(279415)

The shocking murder of rapper Nipsey Hussle two months ago reverberated around the world in less than 48 hours. While the music industry lost a Grammy-nominated artist, and South Los Angeles bid a sad farewell to an activist and mentor, artist Lauren Halsey saw that more work was at hand in memorializing the popular entertainer and favorite son of the Crenshaw Disrtrict.

On April 25, Halsey presented “Prototype Column for the Shaw (RIP the Honorable Ermias Nipsey Hussle Asghedom) I & II at Frieze New York. The work is composed of two 12-foot-high columns (two-feet wide in diameter) featuring hieroglyphic carvings in reference to Hussle’s familiar rap lyrics and the immense popularity of this musical genre not only in South Los Angeles but around the world.

Halsey’s project was selected from more than 100 international applications for the 2019 Frieze Artist Award contest for emerging artists commissioned by the Luma Foundation, a Swiss nonprofit organization that supports the work of independent contemporary artists who delve in a variety of mediums. What is unique about this artwork is that southlanders can expect to see it replicated sometime next year in the Crenshaw District. Halsey is in negotiations with the city of Los Angeles on a proposal that includes plans for a white mausoleum-type structure with seating and planters all covered in her contemporary form of hieroglyphics

“In my dream world, there would be 15 to 20 of these columns, anywhere from 30 feet tall and five to six feet in diameter,” Halsey said. “This would coexist with the permanent structure allowing visitors to move through freely like a corridor.”

Halsey was able work with the Frieze commission to experiment with a new durable industrial plaster that, while admittedly quite difficult to carve, allowed her to learn new techniques of design. Much of her interest in Egyptian hieroglyphs stemmed from her love of the funk groups Parliament-Funkadelic and Earth Wind and Fire who frequently used this form of art on their album covers.

“I’m really happy with results,” Halsey commented, “and now that I have the prototypes, I can share this with more fabricators around the country.”

Halsey, a Los Angeles native, is very familiar with the Crenshaw District. She was a huge fan of Hussle’s music which capitalized on a blend of driving rhythms and searing social commentary not always common in the rap industry. She said she specifically selected the use of hieroglyphics because of the historic beauty and inherent message of ancient Black society.

Halsey’s work lies primarily at the intersection of art, architecture, fantasy and community engagement. Her artwork—replete with immersive installations and site-specific projects—pay homage to the people and places that, she says, are important to her and which address the social justice issues which people of color, the LGBT community, and the working class are most concerned. Her fascination with ancient Egypt can be readily seen in practically all of her projects.

“It is the record of the pharaohs,” she said, “and I wanted to remix it into contemporary neighborhood poetics and news to describe this moment for people.”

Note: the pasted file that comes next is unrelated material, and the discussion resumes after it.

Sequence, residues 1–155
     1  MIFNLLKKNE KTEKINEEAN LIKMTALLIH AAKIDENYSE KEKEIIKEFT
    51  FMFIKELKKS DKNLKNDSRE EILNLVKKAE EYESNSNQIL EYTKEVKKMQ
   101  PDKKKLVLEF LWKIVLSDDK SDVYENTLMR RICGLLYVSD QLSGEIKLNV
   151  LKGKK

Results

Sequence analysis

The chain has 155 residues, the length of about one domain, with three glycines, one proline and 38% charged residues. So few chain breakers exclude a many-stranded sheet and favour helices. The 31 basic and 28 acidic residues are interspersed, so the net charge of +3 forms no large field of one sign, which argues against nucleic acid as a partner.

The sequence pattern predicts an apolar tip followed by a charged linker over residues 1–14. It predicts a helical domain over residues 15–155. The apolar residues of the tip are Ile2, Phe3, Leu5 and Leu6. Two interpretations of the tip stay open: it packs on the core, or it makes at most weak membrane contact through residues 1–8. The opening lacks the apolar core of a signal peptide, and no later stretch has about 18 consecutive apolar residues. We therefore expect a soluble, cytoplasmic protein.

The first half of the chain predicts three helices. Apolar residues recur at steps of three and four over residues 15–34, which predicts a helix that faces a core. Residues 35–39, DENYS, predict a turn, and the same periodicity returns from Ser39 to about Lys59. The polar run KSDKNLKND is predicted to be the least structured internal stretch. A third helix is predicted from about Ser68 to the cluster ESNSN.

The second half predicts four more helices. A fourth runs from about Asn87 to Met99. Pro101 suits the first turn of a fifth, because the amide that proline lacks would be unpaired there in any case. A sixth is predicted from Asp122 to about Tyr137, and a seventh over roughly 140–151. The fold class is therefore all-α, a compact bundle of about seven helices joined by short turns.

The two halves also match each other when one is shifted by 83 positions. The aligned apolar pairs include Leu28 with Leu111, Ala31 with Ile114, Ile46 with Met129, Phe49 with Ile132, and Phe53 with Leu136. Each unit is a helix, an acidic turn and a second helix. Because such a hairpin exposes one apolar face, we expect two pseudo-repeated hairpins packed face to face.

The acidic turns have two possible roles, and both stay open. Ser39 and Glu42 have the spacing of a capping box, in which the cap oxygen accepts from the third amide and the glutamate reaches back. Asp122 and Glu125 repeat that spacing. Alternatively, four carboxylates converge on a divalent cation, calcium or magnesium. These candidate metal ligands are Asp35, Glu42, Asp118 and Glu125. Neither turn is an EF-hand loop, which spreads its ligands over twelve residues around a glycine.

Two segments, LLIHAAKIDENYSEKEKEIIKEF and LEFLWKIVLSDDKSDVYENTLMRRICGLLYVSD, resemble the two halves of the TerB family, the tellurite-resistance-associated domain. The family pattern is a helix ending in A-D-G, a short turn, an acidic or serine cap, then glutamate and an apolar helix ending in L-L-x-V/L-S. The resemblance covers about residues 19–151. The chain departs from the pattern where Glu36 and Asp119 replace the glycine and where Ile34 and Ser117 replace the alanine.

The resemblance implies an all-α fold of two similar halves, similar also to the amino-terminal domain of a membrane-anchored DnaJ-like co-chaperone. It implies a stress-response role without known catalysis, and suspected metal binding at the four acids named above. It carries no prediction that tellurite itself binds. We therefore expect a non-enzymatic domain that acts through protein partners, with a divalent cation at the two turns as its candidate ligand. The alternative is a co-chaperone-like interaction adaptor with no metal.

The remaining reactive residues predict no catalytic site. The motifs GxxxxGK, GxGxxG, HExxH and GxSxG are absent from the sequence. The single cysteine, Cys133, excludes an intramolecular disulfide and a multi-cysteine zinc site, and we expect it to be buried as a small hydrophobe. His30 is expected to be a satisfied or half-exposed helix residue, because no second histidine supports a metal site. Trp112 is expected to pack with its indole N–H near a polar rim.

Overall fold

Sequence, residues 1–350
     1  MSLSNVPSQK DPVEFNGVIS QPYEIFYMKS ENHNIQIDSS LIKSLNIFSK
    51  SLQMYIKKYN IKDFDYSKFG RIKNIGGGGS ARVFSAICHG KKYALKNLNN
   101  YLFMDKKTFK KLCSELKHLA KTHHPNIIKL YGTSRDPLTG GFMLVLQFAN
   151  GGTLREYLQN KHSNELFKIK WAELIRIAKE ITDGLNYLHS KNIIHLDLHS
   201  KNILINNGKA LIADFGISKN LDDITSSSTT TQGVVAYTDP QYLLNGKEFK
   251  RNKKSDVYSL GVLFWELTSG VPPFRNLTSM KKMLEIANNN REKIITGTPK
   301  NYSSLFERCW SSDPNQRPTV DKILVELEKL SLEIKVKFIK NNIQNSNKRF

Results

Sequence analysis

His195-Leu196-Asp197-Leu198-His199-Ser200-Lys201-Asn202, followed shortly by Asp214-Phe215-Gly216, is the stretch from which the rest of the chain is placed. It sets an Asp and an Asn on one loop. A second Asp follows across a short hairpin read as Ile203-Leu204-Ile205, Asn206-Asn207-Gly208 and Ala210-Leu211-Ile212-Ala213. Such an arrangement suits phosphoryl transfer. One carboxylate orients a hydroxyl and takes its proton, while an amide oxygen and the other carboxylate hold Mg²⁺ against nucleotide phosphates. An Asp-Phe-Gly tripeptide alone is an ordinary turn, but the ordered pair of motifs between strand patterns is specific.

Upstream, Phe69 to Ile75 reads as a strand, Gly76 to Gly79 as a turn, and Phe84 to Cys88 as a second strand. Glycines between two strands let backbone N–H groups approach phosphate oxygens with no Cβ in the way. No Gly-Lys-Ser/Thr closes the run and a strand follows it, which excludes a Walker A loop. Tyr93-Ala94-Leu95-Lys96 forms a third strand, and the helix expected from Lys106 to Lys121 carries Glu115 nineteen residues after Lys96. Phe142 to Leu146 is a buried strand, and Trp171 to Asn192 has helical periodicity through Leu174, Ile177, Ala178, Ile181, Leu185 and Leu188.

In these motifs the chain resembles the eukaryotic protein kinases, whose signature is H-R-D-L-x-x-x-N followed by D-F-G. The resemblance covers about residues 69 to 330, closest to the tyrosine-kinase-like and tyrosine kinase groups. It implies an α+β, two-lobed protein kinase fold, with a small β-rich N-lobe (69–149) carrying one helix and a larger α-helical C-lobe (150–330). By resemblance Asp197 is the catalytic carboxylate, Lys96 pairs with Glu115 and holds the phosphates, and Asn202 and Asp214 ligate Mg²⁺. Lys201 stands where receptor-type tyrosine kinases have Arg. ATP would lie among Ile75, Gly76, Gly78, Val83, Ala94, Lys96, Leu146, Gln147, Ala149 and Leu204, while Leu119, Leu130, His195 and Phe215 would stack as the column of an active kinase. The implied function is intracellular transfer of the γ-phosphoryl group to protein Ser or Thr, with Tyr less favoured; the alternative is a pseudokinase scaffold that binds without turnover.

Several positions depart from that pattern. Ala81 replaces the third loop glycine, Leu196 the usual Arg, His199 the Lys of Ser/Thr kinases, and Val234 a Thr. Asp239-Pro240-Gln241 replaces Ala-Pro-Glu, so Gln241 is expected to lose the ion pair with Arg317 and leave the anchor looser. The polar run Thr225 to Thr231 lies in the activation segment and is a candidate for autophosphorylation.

Originally, Halsey showed her initial experiments with carving on gypsum panels and painting colorful portraits on the columns at the Studio Museum in Harlem, N.Y. in 2015. She is a former artist in residence at that facility. It was there that she found the connection between the aforementioned funk music bands when she would stroll the community and notice vendors on 125th Street selling scale models of Pharaonic architecture. That led her to visit the Metropolitan Museum of Art where she studied actual ruins from ancient Egypt, specifically the many paintings and reliefs.

Halsey contributed another architectural prototype last year to the Hammer Museum’s biennial “made in L.A.” exhibit. In this instance, her work was installed on the building’s terrace where visitors entered a large, open-air pavilion of carved gypsum panels reminiscent of both Egyptian and Modernist structures. Halsey designed the exhibit to encourage visitors “think through” and respond to the questions of access and/or practicalities of her future South L.A monument and how it might function in a public space.

Halsey is scheduled to have her first local exhibition early next year at the David Kordansky Gallery in West L.A. She asked the officials there to contribute the proceeds from the eventual sale of her Frieze commission to a worker’s center in South L.A. Halsey also wants to employ carpenters and apprentices at the Kordansky Gallery after she receives approval from the city for her civic art proposal in the Crenshaw District.

“It’s really a small alternative development project,” Halsey said.

Since the 1950s, generations of the Halsey family have resided in South L.A. She has used that experience extensively in her presentations. At MOCA Grand Avenue, she created “We’re still here, there” as an engrossing installation, composed of intertwining caves framed with free-form architecture. Rugs featured animal prints. There were Ankh symbols, and a black panther lined the floor while a series of objects and vignettes wee placed throughout the environment in serving as a “visionary archive reflecting the diversity of the everyday Black cultural experience,” she explained. “I’d liken it to a ‘maximalist South Central paradise.’”

In time, Halsey plans to open the doors to her new Los Angeles studio for a six-month period and invite the public to “carve” their own stories on the panels of her unique architectural structures, or at the very least contribute some images for other artists to incorporate into their designs.

“I want this to be a collaboration with me and the people within the neighborhood,” Halsey said. “We’re all authoring narratives around what it means to be alive now.”